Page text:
CrossFit or Cross-train?


What is your favorite form of cross-training?  I recently had a chat with a fellow-runner who loves to perform CrossFit workouts on his non-running days.  Who hasn’t heard of CrossFit here?  No one?  We all have by now.  Taken straight from the CrossFit website: “CrossFit is constantly varied functional movements performed at high intensity.  All CrossFit workouts are based on functional movements, and these movements reflect the best aspects of gymnastics, weightlifting, running, rowing and more”.  This all sounds reasonably good right?  I’m here to tell you why CrossFit is NOT your best bet if running performance is your top goal.

Confession – I have never worked out at a CrossFit gym, nor have I completed a CrossFit workout on my own.  I do, however, have a good understanding of different forms of training (aerobic, lactic and alactic) and its effects on our bodies.  CrossFit, while great for developing general adaptations to a wide variety of exercise, it is just that…general.  The problem with CrossFit being used to improve your running is its lack of specificity.  The best form of training for your given event is one that is as specific as possible.  If you want to run fast, at some point you need to run fast.  If you want to run long, you have to run long.  If you want to lift a ton of weight, you better be lifting really heavy things.  What I am talking about is known as the SAID Principle.  I learned this principle in my first year of undergrad and it continues to be the most important aspect of competitive training today.

The SAID Principle is an acronym for Specific Adaptations to Imposed Demands.  When the body is placed under a stress, it adapts (under normal circumstances) so that it is better able to tolerate this stress in the future.  This is why you get stronger when you consistently lift weights – A stress is introduced to your body (lifting the weight) that is challenging.  You then take a step back and let your body recover and adapt to that stress.  Assuming not too much or too little time has passed, when you reintroduce that same stress, it becomes easier due to the specific adaptations that have taken place.  The “stress” becomes less stressful.

“So if you want to get better at dealing with some form of stress such as hitting a tennis ball or running 26 miles, start exposing yourself to the stress in question and then hope that the body makes some favorable adaptations. There are two major limitations to keep in mind. First is that the training stress must be the right amount and second, the stress must be sufficiently specific to ensure “transfer” or “carryover” to your sport or activity.  Let’s look at these issues in turn.”  -Todd Hargrove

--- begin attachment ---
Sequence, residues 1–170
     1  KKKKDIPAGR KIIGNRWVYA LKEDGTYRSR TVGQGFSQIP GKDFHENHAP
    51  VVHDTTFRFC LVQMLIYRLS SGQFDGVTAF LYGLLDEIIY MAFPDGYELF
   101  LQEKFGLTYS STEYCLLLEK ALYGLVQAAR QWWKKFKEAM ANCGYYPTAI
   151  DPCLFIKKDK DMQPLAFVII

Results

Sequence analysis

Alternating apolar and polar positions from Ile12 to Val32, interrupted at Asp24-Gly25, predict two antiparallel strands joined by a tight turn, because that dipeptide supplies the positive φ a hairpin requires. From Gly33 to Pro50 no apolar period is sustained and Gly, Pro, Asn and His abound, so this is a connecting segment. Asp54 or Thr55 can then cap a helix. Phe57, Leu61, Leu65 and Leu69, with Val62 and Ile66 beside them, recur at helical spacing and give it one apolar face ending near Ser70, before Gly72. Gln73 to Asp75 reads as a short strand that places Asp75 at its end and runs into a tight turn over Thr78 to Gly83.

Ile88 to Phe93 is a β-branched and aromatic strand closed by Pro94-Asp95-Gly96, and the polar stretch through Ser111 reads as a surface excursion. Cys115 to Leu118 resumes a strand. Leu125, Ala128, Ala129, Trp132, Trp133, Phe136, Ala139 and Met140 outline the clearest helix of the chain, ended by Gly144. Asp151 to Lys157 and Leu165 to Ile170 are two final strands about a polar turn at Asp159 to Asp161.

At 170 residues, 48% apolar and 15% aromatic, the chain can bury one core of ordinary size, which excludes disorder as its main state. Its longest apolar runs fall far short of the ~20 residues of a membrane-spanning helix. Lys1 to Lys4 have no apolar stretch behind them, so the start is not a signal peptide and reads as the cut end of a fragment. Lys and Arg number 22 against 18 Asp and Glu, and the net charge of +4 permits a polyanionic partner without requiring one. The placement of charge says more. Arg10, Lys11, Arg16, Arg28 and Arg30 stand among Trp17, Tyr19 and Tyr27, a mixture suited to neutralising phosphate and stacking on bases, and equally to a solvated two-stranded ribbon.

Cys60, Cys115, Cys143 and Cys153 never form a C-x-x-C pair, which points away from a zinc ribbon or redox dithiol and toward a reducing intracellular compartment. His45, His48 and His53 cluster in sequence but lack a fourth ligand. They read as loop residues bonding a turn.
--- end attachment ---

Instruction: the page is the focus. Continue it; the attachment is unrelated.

When we are looking for a specific effect from our training (being a better and/or faster runner), we must have a specific training method i.e. running and other activities that mimic the demands of running.

What about CrossFit Endurance (CFE)?  Surely that takes care of the above issue.  It’s still CrossFit, but it’s also specific to running…right?  This is actually something I was very interested in for a while, I even bought and read Brian MacKenzie’s book, Unbreakable Runner.  CFE is basically high-intensity runs and high-intensity workouts with an occasional long run mixed in.  They flipped the 80/20 rule (80% low intensity and 20% high intensity) on its head and turned it into more of a 20/80.  This might actually be a great short-term strategy for competitive runners – something that can be sprinkled in or periodized – though I don’t believe it to be a great long-term solution or addition to a running career.  While there is plenty of evidence that resistance training can improve your running performance, I’d argue that it shouldn’t be performed at a high intensity interval style to see those performance gains.

I believe the reason that CrossFit Endurance “works” is because runners get used to “The Suck”.  “The Suck” is that point during a race or a workout where you want to give up.  Metabolic waste builds to the burning point, your legs want to stop moving and you get this insatiable desire to stretch despite that fact that you feel no better when you do.  They don’t get better at the specific skill of running, they get better at enduring.  Another reason it may “work” is if you were lucky enough to have the genetics to handle such high stress consistently.  Occasionally there are exceptions to the rule when it comes to athletes and their training.  Some can handle a lot of high intensity training and not burn out.  Remember, these are the outliers, not the norm.

Bottom line, what helps?  How you do stay healthy and become a better runner?  Lift heavy weights, slowly increase you running volume and practice shorter runs at your goal running pace.  It really can be that simple.  Prepare well, train smart, work hard, and bask in your success!

My program, PR CROSSTRAIN picks up the slack that CrossFit, CrossFit Endurance and other “cross-training” programs leave behind.  It is specific to the endurance athlete.  With PR CROSSTRAIN you will build strength, muscle endurance and injury resilience, all while working on your aerobic engine.  Call 360.491.1815 to sign up today for my 6 or 10 week program!


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